Last Friday saw the first Senior Debating event of the academic year, with a range of pupils in action, both familiar and new.  The standard was very high, particularly when one considered the cheese and wine on offer.

In the first motion ‘This House proposes that capitalism is the greatest barrier to human progress in the 21st century’, Mr Slade and Jimmy Gleeson argued the case for the proposition eloquently, focusing on the ills that a capitalist philosophy can inflict on the general population and society as a whole.  Opposing the motion were Evan Little and Mr Wilkes, who cited some of the potential benefits of capitalism, parodied ‘The Life of Brian’, and suggested some alternative candidates (such as religious zeal and the limits of our own evolution) as bigger potential barriers.  The opposition narrowly won the floor vote and adjudication, but the audience were given much to think about.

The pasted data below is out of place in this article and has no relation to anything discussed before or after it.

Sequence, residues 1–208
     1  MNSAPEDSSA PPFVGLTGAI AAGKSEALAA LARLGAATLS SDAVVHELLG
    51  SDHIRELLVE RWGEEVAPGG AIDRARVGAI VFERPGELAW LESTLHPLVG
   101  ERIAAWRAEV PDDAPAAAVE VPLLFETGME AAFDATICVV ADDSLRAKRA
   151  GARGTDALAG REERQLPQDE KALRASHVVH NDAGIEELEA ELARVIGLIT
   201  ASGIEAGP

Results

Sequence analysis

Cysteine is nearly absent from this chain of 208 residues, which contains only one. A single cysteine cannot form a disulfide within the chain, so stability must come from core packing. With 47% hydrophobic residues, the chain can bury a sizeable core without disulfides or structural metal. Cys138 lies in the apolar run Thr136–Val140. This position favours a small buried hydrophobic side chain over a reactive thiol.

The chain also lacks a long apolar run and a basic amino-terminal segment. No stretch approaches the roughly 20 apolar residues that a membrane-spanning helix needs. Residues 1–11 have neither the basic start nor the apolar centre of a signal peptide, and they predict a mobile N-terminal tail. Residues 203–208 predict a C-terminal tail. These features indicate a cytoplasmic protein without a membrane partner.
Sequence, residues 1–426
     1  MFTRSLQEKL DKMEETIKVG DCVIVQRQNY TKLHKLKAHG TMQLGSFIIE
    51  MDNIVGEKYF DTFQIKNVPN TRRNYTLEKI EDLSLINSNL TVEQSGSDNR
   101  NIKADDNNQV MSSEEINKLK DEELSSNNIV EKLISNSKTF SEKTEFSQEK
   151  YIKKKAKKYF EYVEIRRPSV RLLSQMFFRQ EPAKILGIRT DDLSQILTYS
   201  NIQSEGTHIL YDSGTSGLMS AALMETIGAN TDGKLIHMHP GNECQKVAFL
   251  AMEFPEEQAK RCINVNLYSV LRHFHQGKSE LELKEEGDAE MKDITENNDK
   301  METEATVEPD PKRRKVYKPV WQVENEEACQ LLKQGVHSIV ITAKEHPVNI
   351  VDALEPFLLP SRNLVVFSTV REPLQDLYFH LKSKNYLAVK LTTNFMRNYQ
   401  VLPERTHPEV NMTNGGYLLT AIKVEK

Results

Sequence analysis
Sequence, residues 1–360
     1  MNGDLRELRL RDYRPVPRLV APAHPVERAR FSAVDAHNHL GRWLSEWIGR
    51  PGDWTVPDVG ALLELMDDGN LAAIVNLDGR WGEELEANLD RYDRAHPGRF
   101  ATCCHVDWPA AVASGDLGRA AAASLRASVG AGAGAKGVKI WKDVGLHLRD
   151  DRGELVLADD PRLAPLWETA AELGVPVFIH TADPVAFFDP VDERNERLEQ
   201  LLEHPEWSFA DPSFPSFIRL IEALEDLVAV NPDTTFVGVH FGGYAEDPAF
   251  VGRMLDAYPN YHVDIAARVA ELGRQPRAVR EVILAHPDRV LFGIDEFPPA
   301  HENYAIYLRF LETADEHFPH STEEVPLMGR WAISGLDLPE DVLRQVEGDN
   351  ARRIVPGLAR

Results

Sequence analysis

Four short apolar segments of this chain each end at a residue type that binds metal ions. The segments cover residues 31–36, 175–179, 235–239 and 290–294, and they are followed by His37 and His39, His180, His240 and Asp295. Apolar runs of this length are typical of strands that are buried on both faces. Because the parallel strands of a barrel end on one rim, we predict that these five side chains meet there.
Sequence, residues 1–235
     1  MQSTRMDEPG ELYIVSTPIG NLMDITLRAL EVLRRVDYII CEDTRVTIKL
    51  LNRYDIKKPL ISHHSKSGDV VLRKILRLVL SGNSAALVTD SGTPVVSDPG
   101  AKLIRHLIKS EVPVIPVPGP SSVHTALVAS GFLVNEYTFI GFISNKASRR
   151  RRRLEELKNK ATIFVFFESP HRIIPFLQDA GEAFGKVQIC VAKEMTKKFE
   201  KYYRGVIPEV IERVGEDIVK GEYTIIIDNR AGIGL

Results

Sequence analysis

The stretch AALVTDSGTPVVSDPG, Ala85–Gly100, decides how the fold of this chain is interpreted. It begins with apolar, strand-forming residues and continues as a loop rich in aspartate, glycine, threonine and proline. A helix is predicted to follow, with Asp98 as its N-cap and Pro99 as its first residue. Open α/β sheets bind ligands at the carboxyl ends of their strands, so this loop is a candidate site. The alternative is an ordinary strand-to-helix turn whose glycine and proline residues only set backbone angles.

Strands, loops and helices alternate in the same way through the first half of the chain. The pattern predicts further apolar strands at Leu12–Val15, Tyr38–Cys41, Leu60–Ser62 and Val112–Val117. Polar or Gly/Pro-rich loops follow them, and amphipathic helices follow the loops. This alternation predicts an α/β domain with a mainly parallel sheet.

In the second motion, an all-pupil team of Max Thomas, Pollyanna Harris and Johnny Coniam proposed that ‘This House believes that compulsory worship should not exist in schools’.  Their arguments were rigorous, nuanced and wide ranging, making a very strong case for the dangers of forced collective worship.  Opposing the motion, Mrs Montgomery, Alice Deasy and Max Chatterji made very well laid-out counter arguments regarding the many positive benefits of communal worship for believers, non-believers and the undecided.  This debate generated a great deal of impassioned questioning and comment from the floor and challenged all the debaters to think on their feet in response to some occasionally forthright grilling.  In the end, the proposition just claimed both the floor vote and the adjudication.

Director of Sixth Form Studies, Matt Wilkes, said, “As with all these things, there is no definitively right answer, and that is why they are such fun to debate and generate so much interest.  It was a fantastic opportunity for both the participants and the audience to broaden their thinking and engage in what can be controversial issues.  A huge thank you to Mr Hole for his excellent and considered adjudication.  We look forward to another evening of cheese and wine (and perhaps some more debating) next term.”